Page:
*IF* the Cubs could do it – moving Russell for a controllable pitcher, for example, and acquiring Machado with other pieces – there’d be a lot to like about that maneuvering. But, as we said, pulling it off is incredibly difficult.

(Photo by Greg Fiume/Getty Images)

For now, I guess we’ll have to accept a world in which the Cubs are legitimately interested in trading for Manny Machado – who is, by the way, unquestionably one of the best, most (non-trade) valuable players in the game (he’d arguably be second only to Kris Bryant on the Cubs, and could very well be better next season – just so we’re crystal clear on that front). I would still call a trade here an extremely unlikely event, and, even if it did come to pass, it feels like it would be much more complicated than a straight one-for-one swap of Machado and Russell.

As for the White Sox, I think Manny Machado makes a ton of sense … next winter when he’s a free agent. I have no idea why they’d spoil their extremely well-run rebuild for one extra year. Don’t do it, ya dummies, you’re so close.

Some additional thoughts here from Brett in his earlier post about the wisdom of trading for Machado when the speculation started:

Consider that Machado is projected to be worth 6.2 WAR in 2018, according to Steamer (we don’t have ZiPS or PECOTA yet). Addison Russell projects to be worth just 2.8 WAR. Let’s assume Steamer nails it (ignoring Russell’s upside), and the swap would thus net the Cubs a 3.4 WAR bump in 2018. That’s a *HUGE* single-position bump, and could easily be the difference between a playoff appearance and no playoff appearance.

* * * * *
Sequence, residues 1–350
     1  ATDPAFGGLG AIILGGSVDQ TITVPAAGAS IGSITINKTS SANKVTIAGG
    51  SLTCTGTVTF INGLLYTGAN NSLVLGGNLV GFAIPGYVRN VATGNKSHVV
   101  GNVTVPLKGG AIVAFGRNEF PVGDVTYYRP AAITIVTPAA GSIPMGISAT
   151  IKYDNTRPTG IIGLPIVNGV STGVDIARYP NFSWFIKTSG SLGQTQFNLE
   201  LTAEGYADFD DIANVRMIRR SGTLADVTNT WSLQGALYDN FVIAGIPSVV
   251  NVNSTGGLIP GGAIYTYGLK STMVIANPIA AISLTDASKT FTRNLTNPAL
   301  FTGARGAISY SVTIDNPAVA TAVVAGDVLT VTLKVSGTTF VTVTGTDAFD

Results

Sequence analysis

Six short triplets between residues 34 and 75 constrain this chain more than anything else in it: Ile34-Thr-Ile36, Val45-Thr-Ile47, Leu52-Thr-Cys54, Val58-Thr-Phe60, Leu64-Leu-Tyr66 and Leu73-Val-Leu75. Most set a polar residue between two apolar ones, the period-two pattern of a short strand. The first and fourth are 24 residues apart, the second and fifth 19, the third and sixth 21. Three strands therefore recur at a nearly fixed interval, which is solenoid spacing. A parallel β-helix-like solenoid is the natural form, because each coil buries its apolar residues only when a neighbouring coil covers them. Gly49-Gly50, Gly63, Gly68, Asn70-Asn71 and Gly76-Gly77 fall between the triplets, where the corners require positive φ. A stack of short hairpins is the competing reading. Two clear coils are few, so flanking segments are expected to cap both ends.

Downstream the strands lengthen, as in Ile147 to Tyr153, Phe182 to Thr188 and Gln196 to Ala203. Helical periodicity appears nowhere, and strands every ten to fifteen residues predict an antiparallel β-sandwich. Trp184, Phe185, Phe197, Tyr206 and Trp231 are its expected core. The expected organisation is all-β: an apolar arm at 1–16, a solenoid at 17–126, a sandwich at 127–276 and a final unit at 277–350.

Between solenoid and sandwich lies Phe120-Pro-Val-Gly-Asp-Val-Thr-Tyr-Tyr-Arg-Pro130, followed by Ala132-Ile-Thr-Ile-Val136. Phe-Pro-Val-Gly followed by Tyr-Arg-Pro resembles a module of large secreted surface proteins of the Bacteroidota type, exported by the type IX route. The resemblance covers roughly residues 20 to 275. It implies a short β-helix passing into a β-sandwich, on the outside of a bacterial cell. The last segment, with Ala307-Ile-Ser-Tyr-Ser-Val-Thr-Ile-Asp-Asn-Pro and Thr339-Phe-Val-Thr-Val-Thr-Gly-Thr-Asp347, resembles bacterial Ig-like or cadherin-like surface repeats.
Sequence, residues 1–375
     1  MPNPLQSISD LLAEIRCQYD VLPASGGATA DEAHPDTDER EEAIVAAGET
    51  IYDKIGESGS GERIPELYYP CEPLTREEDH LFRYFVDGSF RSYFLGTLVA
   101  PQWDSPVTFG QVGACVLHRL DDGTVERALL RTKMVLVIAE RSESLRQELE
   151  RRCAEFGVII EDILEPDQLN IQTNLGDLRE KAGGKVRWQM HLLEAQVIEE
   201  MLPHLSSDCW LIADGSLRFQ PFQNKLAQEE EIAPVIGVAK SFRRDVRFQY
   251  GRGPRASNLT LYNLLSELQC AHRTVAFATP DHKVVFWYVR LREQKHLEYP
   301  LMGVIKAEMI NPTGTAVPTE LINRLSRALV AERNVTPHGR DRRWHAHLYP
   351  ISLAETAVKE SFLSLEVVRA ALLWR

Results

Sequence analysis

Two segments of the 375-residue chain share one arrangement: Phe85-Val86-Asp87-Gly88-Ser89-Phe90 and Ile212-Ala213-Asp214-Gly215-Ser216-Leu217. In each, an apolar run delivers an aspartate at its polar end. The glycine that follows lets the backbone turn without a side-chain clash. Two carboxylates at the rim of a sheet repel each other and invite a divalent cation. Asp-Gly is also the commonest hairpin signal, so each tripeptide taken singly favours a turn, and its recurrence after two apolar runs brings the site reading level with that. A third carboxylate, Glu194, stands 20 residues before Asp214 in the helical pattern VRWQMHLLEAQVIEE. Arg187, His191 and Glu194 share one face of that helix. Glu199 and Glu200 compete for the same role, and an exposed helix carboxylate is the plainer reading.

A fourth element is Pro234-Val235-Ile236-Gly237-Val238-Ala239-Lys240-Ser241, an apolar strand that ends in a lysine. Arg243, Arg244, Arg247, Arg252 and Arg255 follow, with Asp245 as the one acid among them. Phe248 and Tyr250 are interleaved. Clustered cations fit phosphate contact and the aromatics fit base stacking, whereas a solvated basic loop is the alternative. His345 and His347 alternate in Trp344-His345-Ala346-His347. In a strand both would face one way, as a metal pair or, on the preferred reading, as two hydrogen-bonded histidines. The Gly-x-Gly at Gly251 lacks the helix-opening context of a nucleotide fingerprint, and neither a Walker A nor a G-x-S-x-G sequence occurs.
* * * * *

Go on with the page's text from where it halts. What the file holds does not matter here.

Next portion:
But that’s not the end of the story, because not only would the Cubs have Russell for three more years after 2018, they’d also have an extra $15 million to play with in 2018 – the difference in projected salaries for the two players. If the Cubs can add Alex Cobb with that $15 million, and if he’s a, say, 2.0-WAR bump over whatever other pitcher the Cubs would start, then the gap between Machado and Russell suddenly shrinks considerably.

This trade does not make sense for the Cubs. As alluring as the idea of having Machado in there hitting next to Kris Bryant, Anthony Rizzo, Willson Contreras, and Kyle Schwarber, I do not see this approach being the best for the Cubs.

I do want to offer some “this is not a totally insane suggestion” points, for the purposes of discussion: